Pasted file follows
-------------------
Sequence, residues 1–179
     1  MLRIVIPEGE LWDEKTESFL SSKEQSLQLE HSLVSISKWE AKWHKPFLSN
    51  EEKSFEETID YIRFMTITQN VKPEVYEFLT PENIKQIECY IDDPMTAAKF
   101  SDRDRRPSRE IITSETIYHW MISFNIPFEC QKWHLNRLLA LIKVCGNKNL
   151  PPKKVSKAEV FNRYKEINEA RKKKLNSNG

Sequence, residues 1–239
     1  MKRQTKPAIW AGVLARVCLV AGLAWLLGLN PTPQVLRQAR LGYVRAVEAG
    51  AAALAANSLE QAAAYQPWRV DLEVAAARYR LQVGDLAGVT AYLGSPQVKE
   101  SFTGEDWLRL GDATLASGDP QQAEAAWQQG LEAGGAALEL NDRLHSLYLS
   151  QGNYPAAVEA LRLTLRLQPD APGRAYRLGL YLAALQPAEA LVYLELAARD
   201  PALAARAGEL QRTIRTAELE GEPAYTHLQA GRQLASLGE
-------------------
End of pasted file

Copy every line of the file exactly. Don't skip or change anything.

Sequence, residues 1–179
     1  MLRIVIPEGE LWDEKTESFL SSKEQSLQLE HSLVSISKWE AKWHKPFLSN
    51  EEKSFEETID YIRFMTITQN VKPEVYEFLT PENIKQIECY IDDPMTAAKF
   101  SDRDRRPSRE IITSETIYHW MISFNIPFEC QKWHLNRLLA LIKVCGNKNL
   151  PPKKVSKAEV FNRYKEINEA RKKKLNSNG

Sequence, residues 1–239
     1  MKRQTKPAIW AGVLARVCLV AGLAWLLGLN PTPQVLRQAR LGYVRAVEAG
    51  AAALAANSLE QAAAYQPWRV DLEVAAARYR LQVGDLAGVT AYLGSPQVKE
   101  SFTGEDWLRL GDATLASGDP QQAEAAWQQG LEAGGAALEL NDRLHSLYLS
   151  QGNYPAAVEA LRLTLRLQPD APGRAYRLGL YLAALQPAEA LVYLELAARD
   201  PALAARAGEL QRTIRTAELE GEPAYTHLQA GRQLASLGE